THE ENDS, Concrete Disappointment (Dirtnap)
NAP TIME: Concrete Disappointment is the Austin punk quintet's second LP, following 2003's Sorry... XOXOXO, and first for Seattle label Dirtnap. Other Dirtnap bands include the Soviettes, Epoxies, Marked Men, and Mexican Blackbirds.
WHAT DO I GET? Sorry's razor-sharp melodies were reminiscent of class of '77 alumni the Buzzcocks; this time out, Ian End's sneering vox position the band closer to the Dead Boys. The other Ends toss in a smattering of Exile on Main Street grit for good measure.
PUNK SNOT DEAD: Among Concrete's standout cuts are the breathless "Sleazy," piano-boosted "Pucker Up," and Clash-like "Same Old Solutions."
CD release Saturday at Beerland with labelmates the Spits and locals the Winks and Faster Disaster.
Bullet the Blue Sky
From over the hills and far away, Robert Plant has confirmed as keynote speaker for SXSW 2005. Local cover band Pudge Zeppelin said to be beside themselves.
After 16 years at Austin's metal mecca the Back Room, the last 12 as general manager, Mark Olivarez recently stepped down to take another position with club owner Ronnie Roark's Roark Amusement & Vending. "I figured it was time for me to make a change, so I took the job," Olivarez said in an e-mail last week. Longtime Back Roomers Eddie Vasquez, Sean McCarthy, and Tammy Moore have assumed management duties, but Olivarez will remain as an adviser. "The Back Room will continue to be the mighty monolith of metal," he assures.
Hipster barometer PitchforkMedia.com reported last Friday that Spoon has finished recording their fifth LP at drummer Jim Eno's home studio. No title or release date yet, but songs include "Merchants of Soul," "The Delicate Place," "Sister Jack," and "I Summon You." Demos of the last two are available at www.spoontheband.com.
With a high-energy mix of funk, rock, and jam, Sister 7 rose from humble beginnings at their weekly Black Cat gigs (as Little Sister) to become one of the most popular Austin bands of the Nineties. The group reunites for the first time since 2000 at Momos Nov. 5 and 6 with another Steamboat veteran, former Breedlove singer Dan Dyer. Tickets, $20, available at the door only.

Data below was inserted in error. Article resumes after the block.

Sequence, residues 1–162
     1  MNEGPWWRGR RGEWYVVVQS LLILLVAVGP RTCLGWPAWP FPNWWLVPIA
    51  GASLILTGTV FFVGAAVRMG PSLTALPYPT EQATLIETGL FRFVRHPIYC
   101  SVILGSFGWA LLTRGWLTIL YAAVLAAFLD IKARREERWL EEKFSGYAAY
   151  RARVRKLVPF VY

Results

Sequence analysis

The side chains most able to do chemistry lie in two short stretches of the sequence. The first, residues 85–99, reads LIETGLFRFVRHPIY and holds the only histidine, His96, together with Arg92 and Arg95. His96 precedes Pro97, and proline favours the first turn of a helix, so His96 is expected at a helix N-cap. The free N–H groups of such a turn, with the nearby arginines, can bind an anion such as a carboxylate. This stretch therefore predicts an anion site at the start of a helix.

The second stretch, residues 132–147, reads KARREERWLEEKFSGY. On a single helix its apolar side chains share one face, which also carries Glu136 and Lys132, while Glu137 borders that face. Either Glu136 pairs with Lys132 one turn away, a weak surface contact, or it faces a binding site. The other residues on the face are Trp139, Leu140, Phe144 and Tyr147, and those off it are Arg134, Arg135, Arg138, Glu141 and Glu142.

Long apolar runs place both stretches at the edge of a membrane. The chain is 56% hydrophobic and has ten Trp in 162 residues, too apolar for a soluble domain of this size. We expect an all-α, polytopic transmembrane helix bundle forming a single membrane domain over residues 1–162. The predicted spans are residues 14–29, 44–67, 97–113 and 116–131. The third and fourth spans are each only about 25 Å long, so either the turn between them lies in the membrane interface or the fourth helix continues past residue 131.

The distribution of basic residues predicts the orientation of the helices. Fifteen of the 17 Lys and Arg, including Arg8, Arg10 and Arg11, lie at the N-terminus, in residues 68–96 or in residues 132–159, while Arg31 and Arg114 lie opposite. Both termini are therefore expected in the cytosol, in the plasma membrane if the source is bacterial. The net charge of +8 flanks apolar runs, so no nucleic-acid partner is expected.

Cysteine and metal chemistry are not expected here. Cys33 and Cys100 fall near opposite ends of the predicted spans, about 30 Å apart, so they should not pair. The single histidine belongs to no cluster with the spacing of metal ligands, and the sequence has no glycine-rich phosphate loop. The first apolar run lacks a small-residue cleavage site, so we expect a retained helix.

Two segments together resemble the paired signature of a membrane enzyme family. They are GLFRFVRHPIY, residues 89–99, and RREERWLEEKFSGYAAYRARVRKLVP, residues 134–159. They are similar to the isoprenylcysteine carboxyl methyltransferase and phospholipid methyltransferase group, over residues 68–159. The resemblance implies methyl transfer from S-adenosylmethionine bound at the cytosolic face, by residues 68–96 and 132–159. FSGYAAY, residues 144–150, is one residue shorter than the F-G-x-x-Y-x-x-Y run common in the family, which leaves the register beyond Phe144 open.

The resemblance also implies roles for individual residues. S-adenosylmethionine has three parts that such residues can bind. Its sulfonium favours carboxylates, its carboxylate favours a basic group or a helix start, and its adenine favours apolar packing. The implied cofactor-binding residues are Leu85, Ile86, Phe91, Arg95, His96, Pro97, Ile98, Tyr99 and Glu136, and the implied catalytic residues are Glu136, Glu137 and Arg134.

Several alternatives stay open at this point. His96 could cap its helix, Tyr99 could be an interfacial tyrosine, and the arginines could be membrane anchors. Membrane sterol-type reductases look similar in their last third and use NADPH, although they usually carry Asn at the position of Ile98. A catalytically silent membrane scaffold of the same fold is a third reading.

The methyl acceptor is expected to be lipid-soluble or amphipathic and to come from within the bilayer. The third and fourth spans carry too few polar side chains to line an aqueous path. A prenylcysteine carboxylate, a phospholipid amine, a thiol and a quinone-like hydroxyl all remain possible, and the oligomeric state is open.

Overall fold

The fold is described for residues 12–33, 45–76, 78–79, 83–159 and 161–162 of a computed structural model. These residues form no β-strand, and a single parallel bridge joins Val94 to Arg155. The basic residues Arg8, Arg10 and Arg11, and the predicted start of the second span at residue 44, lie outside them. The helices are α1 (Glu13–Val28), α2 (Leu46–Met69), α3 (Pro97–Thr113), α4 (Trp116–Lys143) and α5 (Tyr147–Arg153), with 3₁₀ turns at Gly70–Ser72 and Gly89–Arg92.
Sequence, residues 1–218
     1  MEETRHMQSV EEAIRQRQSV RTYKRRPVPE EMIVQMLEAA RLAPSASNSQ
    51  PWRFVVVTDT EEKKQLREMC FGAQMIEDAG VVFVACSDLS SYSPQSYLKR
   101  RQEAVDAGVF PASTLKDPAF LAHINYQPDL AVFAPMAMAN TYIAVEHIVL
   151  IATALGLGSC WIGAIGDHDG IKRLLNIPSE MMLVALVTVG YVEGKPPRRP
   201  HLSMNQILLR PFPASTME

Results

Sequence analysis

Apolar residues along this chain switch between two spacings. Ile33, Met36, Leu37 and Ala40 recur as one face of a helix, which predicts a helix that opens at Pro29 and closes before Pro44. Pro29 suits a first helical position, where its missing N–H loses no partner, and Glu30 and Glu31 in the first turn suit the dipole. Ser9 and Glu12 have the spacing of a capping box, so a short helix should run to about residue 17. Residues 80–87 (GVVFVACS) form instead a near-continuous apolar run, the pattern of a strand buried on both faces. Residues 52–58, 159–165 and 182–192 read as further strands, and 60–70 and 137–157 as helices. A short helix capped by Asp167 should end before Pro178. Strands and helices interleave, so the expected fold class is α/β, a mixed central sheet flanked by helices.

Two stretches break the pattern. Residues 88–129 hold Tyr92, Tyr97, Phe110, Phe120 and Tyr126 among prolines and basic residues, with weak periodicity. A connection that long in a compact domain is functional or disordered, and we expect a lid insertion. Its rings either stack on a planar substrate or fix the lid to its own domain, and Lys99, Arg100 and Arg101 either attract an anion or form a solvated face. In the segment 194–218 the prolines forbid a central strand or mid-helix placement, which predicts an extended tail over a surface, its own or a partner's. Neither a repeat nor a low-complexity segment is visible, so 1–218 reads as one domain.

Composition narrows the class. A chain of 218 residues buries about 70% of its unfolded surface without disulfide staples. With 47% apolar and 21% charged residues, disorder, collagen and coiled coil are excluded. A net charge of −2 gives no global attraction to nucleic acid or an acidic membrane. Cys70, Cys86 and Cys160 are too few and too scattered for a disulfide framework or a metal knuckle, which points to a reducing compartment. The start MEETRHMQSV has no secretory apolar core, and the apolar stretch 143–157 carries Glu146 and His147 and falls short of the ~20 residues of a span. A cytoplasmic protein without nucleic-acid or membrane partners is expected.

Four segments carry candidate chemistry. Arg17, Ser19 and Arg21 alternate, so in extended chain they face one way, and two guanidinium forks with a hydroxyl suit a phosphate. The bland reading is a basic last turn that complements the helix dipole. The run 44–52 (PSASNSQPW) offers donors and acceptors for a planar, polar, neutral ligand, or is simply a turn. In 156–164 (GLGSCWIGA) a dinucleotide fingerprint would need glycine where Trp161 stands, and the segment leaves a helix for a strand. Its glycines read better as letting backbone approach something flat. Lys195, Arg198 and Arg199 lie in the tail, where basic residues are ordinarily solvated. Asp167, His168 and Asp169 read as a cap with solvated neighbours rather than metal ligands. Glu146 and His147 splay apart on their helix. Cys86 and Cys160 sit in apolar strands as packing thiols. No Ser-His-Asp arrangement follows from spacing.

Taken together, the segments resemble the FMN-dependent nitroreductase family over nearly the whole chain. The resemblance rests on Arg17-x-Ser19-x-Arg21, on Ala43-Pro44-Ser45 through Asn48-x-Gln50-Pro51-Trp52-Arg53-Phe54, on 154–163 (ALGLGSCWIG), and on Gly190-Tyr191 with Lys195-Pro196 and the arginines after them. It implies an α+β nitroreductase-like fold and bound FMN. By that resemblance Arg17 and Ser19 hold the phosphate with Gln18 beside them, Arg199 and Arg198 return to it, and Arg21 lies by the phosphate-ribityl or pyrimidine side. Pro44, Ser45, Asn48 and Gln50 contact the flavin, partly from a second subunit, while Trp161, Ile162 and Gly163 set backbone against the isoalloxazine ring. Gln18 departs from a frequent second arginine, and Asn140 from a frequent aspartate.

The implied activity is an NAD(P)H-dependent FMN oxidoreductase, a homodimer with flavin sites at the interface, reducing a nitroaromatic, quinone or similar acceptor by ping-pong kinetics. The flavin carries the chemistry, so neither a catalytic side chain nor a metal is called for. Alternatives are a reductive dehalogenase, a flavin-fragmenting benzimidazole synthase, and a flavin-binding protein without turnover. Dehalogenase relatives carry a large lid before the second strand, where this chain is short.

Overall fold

Astros fan Clifford Antone celebrates his birthday swamp-pop style Wednesday at Antone's with genre legends T.K. Hulin ("I'm Not a Fool Anymore") and Tommy McLain ("Sweet Dreams"). Tickets are $8 at the door. Starting at 9:30pm tonight (Thursday), $15 general admission tickets will be available for tonight's Help Clifford Help Kids benefit starring Vallejo and Gary Clark Jr.
Catch XM Satellite Radio's Armadillo Radio Hour, hosted by the Chronicle's own Jim Caligiuri, live 7pm Friday at Threadgill's World Headquarters. Cooper's Uncle, Adam Carroll, Eliza Gilkyson, the South Austin Jug Band, Bruce Robison, and James McMurtry all perform for a paltry $5 cover.
It's another high-stakes Roller Derby weekend, with both local leagues in action. The Hustlers and Honky-Tonk Heartbreakers meet for the Texas Rollergirls championship 6:30pm Sunday at Playland, with the Hot Rod Honeys versus the Hell Marys for third place and music from Seattle's Spits, the White Ghost Shivers, and the Dead Motley Sex Maidens. Meanwhile, the Lonestar Rollergirls break in their new and improved Thunderdome digs at 619 Tillery, 7pm Sunday, as the Holy Rollers battle the Rhinestone Cowgirls and Pretty Pretty and the Rockland Eagles supply the tunes. Play nice, ladies. Nice and rough.
"TCB" Correction Corner: Due to a brain malfunction, "TCB" listed the wrong e-mail address for Don Walser in last week's column. He can be reached at email@example.com.